The first politician to master this line of argument was the Dutch activist Pim Fortuyn, whose just-founded political party took second place in the 2002 Dutch elections, nine days after Fortuyn himself was assassinated.
As Vox’s Zack Beauchamp notes, there are more than a few parallels between Fortuyn and Trump. They both rose to political power seemingly out of nowhere by exploiting anti-immigrant sentiment. Both proposed blanket bans on Muslim immigration. Each terrified the center-right establishment in his country.
But Fortuyn wasn’t a businessman; he was an openly gay former sociology professor, a former Marxist who moved rightward with age. His core argument against Muslim immigration to the Netherlands was his contention that Islam posed a threat to Western progressive values on, among other things, LGBTQ rights. "In Holland, homosexuality is treated the same way as heterosexuality," he noted at one campaign event. "In what Islamic country does that happen?"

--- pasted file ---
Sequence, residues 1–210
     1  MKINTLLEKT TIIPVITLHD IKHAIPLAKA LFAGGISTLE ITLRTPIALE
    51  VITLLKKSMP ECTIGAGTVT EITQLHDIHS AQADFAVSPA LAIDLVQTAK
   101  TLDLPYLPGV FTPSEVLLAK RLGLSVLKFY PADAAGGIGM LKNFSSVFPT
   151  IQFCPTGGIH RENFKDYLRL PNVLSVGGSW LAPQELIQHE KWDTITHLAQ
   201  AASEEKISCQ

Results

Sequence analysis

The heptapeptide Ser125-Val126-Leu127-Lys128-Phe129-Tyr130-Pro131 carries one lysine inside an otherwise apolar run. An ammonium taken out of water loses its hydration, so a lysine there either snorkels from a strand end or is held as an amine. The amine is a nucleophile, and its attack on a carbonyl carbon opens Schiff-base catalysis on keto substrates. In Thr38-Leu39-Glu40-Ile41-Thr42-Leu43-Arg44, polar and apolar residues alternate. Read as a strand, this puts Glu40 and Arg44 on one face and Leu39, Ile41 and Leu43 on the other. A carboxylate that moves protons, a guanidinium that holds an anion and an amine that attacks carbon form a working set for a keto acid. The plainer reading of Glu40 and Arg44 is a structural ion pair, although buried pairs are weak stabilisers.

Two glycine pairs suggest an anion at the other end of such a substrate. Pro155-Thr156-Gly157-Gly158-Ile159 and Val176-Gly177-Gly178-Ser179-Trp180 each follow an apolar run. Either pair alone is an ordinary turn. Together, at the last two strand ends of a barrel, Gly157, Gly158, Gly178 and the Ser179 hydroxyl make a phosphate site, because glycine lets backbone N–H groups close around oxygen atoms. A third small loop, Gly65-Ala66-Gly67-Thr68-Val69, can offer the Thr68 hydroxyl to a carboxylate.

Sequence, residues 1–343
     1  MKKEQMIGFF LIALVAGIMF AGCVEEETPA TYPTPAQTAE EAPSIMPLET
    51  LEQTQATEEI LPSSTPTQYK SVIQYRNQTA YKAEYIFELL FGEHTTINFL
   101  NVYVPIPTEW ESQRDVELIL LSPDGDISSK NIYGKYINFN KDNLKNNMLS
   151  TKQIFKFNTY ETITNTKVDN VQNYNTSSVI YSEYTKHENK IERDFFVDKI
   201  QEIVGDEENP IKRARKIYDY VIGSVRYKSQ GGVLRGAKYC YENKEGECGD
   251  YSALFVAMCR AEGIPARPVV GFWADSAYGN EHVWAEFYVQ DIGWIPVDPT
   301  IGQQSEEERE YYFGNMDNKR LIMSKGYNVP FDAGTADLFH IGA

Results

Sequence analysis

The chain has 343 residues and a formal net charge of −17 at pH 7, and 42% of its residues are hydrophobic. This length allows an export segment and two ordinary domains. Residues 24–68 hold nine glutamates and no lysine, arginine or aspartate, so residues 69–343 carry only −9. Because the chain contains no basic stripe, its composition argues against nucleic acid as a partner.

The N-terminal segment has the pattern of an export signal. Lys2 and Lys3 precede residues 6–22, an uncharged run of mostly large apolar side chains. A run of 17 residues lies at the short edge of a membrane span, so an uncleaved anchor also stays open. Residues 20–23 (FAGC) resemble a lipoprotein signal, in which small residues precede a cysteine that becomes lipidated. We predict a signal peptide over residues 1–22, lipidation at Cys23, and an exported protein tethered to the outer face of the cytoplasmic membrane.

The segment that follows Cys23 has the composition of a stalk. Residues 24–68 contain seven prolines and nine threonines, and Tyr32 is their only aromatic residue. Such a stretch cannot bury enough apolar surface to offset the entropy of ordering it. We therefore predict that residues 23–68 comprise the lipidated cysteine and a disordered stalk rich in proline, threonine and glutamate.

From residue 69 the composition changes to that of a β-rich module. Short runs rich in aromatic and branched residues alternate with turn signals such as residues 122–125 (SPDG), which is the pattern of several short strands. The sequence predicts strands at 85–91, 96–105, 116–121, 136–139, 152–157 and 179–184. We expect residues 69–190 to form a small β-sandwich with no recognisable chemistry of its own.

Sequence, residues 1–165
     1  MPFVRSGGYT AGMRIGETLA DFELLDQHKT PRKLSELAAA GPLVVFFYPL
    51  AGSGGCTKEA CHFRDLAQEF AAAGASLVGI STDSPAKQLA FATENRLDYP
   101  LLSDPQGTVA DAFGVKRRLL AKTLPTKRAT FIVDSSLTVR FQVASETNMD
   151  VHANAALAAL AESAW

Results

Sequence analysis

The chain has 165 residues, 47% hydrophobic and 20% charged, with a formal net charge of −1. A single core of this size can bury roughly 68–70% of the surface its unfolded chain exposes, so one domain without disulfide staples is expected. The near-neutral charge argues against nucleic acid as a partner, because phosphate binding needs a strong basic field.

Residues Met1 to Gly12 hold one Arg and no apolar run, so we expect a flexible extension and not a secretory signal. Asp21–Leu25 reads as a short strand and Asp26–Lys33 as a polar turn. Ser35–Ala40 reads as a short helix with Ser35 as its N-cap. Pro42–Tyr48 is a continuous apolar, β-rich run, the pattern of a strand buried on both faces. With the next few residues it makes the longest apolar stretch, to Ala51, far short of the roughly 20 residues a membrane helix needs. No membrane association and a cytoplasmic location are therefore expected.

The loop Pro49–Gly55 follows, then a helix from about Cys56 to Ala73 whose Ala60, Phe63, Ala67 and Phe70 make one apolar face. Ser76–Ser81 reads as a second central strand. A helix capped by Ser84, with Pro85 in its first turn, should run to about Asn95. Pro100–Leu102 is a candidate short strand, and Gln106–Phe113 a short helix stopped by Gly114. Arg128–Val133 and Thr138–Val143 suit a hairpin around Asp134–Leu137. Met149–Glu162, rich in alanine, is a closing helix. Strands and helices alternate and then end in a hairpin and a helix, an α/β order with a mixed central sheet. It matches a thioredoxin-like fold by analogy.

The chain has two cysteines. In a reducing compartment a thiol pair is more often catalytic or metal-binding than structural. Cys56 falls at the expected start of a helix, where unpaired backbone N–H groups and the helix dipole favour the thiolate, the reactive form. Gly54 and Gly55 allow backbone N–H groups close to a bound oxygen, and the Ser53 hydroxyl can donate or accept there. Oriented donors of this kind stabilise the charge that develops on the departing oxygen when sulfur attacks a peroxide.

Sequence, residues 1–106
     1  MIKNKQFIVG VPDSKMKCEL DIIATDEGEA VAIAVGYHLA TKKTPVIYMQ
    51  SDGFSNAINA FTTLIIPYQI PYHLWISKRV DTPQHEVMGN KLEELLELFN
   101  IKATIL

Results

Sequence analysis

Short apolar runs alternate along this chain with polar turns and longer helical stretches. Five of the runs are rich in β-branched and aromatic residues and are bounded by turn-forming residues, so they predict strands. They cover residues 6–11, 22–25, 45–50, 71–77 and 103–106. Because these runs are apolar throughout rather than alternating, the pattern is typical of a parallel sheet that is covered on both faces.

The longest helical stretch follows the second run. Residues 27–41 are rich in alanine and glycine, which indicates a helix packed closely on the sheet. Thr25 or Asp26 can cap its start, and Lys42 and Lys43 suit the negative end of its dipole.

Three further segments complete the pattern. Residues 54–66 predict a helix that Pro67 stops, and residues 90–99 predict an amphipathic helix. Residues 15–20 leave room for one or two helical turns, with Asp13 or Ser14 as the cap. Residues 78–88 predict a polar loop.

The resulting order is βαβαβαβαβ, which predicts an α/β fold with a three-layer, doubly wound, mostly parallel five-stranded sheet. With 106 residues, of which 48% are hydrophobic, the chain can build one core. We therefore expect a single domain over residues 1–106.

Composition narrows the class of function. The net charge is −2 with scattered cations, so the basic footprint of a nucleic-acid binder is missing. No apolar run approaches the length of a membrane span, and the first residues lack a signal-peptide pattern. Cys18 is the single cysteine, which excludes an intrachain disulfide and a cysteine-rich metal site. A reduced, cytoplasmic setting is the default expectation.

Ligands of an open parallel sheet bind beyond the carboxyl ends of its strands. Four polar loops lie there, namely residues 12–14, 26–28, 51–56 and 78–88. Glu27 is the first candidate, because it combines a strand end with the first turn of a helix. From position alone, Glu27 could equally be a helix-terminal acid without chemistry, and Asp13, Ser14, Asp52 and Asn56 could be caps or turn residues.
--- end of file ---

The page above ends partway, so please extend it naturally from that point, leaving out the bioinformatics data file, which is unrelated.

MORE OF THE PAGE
Since Fortuyn's death, his place in Dutch politics has been taken by Geert Wilders, leader of the far-right Party for Freedom, currently the third-largest party in Dutch parliament. Wilders is straight, but like Fortuyn he repeatedly invokes LGBTQ rights to argue for anti-Muslim policies, including an immigration ban, prohibition of the Quran, and a tax on Muslim women's headscarves.
"Islam is a totalitarian ideology. Muslims are its victims. Just imagine you’re a gay person in a Muslim family," Wilders wrote in a recent op-ed. "the more Islamic apostates there are, the less misogyny, the less hatred of gays, the less anti-Semitism, the less oppression, the less terror and violence, and the more freedom there will be." Despite currently being on trial for hate speech, Wilders, and his party, is currently leading polls for the Netherlands' next election.